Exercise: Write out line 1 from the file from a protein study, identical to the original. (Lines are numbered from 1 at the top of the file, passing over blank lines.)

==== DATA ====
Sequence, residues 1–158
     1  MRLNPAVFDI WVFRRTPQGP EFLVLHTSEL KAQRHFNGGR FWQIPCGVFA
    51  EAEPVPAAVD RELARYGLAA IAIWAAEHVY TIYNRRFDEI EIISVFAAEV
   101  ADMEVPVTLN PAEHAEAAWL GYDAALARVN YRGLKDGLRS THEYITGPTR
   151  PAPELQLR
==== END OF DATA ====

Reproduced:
Sequence, residues 1–158